Using the dynamic scoring, the CBO sees the bill increasing economic growth by 3.3 percent in 2023 and by 5.4 percent in 2033. But it finds that average wages would decrease slightly, by 0.1 percent, in 2023 because new workers would receive lower pay than current workers, but wages increase after that. Due to higher growth, interest rates would be expected to rise.
The CBO dynamically scores the president’s budget every year and used the scoring method when the Senate considered immigration legislation in 2006.
It has resisted doing so for other bills despite conservative pressure to apply such scoring to bills that cut taxes. The CBO has argued that dynamic scoring does not usually have much of an impact and that it is not feasible for its staff to complete the analysis.
The budget office estimated the bill will lead to 10.4 million residents in the U.S over the next 10 years. It said 8 million unauthorized workers would be legalized under the measure, and that over 20 years, there would be 16 million more people in the U.S. if the bill passes.
It said the bill requires new appropriations of $22 billion over 10 years to implement policies like enhanced border security. If Congress lifts current budget caps to implement the bill, the net deficit reduction is $175 billion over 10 years, it said.
The biggest increase in spending over the first 10 years comes from refundable tax credits like the earned income tax credit. These cost a total $126.8 billion. Health insurance subsidies will cost $82.3 billion. While most illegal immigrants would not be able to get health benefits for the first decade, some immigrants brought to the U.S. illegally as children — known as “Dreamers” — would get benefits.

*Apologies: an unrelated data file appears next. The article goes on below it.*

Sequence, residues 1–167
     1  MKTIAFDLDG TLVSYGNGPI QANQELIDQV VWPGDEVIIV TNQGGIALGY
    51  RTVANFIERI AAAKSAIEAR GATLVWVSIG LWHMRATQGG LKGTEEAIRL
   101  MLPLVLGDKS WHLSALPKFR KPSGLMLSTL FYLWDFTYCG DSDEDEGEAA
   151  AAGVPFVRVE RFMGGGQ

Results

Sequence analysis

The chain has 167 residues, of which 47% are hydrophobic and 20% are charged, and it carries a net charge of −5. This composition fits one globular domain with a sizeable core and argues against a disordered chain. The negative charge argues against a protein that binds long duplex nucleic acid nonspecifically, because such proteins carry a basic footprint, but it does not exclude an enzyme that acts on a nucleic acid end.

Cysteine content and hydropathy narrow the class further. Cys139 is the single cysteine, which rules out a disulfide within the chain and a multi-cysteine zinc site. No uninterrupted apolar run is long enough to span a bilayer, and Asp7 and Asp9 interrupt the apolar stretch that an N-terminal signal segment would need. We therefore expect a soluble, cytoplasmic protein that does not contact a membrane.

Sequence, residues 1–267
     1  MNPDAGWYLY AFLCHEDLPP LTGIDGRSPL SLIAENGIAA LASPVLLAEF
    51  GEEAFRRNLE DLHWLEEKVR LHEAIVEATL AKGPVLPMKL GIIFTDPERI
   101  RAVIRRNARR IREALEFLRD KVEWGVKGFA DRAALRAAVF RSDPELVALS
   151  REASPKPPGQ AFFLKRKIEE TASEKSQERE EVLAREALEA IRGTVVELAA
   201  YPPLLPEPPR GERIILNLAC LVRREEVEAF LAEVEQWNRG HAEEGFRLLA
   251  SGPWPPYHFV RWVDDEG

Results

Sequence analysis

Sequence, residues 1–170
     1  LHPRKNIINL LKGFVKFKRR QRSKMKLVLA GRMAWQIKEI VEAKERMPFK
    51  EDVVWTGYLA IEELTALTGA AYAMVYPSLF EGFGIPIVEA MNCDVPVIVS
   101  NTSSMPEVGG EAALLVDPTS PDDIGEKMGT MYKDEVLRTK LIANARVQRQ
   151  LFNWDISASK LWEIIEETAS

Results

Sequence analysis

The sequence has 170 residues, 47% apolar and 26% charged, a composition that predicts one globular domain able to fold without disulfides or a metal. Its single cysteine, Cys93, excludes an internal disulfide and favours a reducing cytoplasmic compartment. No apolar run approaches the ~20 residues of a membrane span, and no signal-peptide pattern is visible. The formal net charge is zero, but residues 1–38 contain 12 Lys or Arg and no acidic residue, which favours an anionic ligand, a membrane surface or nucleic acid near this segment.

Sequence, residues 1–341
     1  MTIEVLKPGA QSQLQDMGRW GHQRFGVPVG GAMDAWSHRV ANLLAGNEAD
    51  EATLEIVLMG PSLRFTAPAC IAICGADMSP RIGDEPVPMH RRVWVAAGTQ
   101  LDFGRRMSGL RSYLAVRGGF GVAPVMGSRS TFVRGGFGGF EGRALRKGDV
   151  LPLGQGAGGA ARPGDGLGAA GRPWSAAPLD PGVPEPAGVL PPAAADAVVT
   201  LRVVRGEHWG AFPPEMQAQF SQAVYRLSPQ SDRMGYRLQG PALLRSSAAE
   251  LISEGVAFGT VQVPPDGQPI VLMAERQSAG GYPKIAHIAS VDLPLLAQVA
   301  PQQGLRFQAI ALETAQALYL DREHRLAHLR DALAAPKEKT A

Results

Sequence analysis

The CBO normally uses a conventional 10-year budget window; this has been a sore point for opponents of the Senate bill who had called for a longer-range estimate.
Sessions on Tuesday released a detailed rebuttal to CBO. He said that the longer 40-year window he originally asked for would have revealed higher costs.
He also said the bill does not show costs to state and local governments, incorporates flawed assumptions about immigrant employability and of the costs of ObamaCare and leaves out reduced wages for current American citizens.
“This bill guarantees three things: amnesty, increased welfare costs and lower wages for the U.S. workforce. It would be the biggest setback for poor and middle-class Americans of any legislation Congress has considered in decades,” he said.
A May report from the Heritage Foundation projected the Senate bill would cost $6.3 trillion over the “lifetimes” of immigrants put on a 13-year path to citizenship. Heritage totaled federal, state and local expenses and subtracted estimated increases in tax revenue to come up with its figures.
The conservative think tank estimates the bulk of those costs would occur after immigrants become eligible for Medicare and means-tested federal welfare programs. Critics said the analysis made faulty assumptions about the work and earning potential of the immigrants once they are legal.
—This story was posted at 4:41 p.m. and updated at 8:26 p.m.